VC Funding: A Faustian Bargain?

Entrepreneurs share their stories, good and bad, about working with venture capital firms.
September 21, 2012 Would you give up everything if it meant you’d have the opportunity to come away with millions? This is the question entrepreneurs face when, after exhausting all funding sources, they consider approaching a venture capital firm.

Of course employing a venture capital firm doesn’t have to be a bad thing. Just ask Mark Zuckerberg, Sergey Brin and countless other entrepreneurs whose fortunes were made alongside the guidance and deep pockets of such institutional investors. For many startups, securing VC money is the golden ticket to successfully disrupting an industry and experiencing meteoric growth.

Last year, $29 billion of VC money was invested in startups, according to the National Venture Capital Association. VC firms so far this year are actually funding fewer projects over last year, which means the competition for dollars has increased.

The Moxsie Affair

Jon Fahrner is all too familiar with the pitfalls of VC funding. A former early employee at Zappos, Fahrner saw the great things institutional money could do for a fast-growing tech firm. In 2008 he was excited to join, another VC-backed business, this one offering an e-commerce platform for budding fashion designers. The difference: Moxsie was in survival mode whereas Zappos had been in rapid growth mode.
Fahrner was hired as vice president of e-commerce for the site, but was soon promoted to CEO. Moxsie already had around $4 million in VC money and needed more, so Fahrner and his team started knocking on doors. But they encountered a uniform response.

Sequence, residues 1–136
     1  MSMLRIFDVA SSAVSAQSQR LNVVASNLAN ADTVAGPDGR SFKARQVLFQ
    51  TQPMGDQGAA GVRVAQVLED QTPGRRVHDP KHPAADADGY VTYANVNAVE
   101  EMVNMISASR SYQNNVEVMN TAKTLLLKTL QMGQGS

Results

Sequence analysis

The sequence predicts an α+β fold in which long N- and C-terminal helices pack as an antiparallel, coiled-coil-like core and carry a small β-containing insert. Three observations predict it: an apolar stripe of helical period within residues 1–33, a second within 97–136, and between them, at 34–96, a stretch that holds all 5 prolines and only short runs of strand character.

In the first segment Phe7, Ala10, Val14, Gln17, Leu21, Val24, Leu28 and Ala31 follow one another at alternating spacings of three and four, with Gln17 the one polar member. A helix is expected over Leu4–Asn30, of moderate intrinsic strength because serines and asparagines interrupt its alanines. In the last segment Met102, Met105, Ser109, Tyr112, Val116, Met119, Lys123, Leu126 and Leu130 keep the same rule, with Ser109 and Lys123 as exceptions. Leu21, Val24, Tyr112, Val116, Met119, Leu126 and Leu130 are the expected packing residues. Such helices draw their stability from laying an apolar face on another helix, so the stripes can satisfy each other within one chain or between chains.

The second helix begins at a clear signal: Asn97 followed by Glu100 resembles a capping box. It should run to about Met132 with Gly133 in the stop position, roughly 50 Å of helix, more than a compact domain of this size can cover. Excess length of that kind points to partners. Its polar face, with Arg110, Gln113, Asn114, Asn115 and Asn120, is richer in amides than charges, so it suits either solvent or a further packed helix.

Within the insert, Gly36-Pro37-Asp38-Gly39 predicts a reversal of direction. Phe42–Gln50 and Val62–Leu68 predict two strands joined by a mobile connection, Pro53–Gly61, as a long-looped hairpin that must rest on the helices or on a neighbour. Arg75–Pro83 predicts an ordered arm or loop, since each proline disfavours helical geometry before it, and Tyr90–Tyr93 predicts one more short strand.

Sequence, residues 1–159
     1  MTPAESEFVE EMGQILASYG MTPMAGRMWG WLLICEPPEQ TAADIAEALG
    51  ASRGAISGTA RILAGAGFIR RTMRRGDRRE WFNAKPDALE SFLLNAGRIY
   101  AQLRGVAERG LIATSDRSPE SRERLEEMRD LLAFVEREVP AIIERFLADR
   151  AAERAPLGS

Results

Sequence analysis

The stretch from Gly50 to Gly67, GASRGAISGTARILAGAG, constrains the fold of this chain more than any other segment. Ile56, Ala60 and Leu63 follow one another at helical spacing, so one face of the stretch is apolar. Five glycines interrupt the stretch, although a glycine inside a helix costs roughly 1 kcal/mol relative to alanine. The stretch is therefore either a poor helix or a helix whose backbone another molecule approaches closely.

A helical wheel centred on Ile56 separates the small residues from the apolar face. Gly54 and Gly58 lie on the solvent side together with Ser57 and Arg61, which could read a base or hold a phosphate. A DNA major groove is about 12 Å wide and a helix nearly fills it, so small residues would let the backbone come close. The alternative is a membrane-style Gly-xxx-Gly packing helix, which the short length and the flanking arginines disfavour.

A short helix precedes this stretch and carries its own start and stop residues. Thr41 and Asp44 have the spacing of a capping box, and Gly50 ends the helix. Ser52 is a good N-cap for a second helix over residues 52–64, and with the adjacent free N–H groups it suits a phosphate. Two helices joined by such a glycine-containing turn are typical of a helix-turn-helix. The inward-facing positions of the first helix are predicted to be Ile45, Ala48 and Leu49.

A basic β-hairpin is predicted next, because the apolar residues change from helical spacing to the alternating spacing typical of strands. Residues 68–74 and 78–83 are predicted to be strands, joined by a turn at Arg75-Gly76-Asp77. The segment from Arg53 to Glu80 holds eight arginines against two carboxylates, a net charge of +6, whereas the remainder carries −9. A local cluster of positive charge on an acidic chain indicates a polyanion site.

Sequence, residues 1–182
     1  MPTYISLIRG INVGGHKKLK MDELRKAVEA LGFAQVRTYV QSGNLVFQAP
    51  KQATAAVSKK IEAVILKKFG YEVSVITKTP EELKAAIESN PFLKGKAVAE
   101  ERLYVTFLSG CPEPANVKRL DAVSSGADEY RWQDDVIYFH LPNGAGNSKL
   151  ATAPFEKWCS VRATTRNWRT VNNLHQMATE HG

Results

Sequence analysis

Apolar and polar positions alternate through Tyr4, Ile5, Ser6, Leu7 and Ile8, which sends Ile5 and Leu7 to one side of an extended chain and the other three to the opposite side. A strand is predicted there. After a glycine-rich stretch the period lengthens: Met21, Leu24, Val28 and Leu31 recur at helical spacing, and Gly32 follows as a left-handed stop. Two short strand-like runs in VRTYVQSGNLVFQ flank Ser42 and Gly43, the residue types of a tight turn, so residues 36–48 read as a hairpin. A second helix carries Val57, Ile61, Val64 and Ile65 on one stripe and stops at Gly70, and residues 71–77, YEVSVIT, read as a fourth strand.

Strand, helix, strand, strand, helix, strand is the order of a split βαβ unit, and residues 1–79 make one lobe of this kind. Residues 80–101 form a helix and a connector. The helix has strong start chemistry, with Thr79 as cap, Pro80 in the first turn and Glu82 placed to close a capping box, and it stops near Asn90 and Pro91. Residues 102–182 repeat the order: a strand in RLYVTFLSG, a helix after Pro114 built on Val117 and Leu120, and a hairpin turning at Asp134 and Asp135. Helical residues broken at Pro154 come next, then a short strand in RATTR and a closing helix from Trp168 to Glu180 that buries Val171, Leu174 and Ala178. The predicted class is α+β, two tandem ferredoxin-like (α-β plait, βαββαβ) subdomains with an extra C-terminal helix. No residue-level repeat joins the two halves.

“Between 2008 and 2010, VCs were only interested in the private sale/daily deal model like Groupon,” Fahrner says. “They told us e-commerce was a dated model that was dying.”
Fahrner’s existing investors were starting to agree. About 18 months into his leadership, Fahrner walked into a board meeting when a board member, who was also a main investor, proposed Moxsie officially change its business to the private sale model. Fahrner was completely blindsided. He believed strongly in the current model and knew the company was gaining traction in the marketplace; already it had a network of 100 independent designers and a social media following of more than 250,000 people. He pushed back to no avail. He wasn’t only up against a majority owner in the company, there was also the intimidation factor: His investor was funding companies being acquired for hundreds of millions of dollars.
“When you are a just a $2-million company fighting for a business model, it can be pretty hard,” he says. “I just had to sit there and take it.”

Moving On

Fahrner left Moxsie a little more than two years after joining. Since then, the company was acquired by, which was then acquired by

In June 2011, Fahrner launched Bumebox, a Palo Alto, Calif.–based company that provides a social media platform for brands. He’s taking things slowly, signing one client at a time. VCs are not in the mix, although many are showing an interest in investing, he says.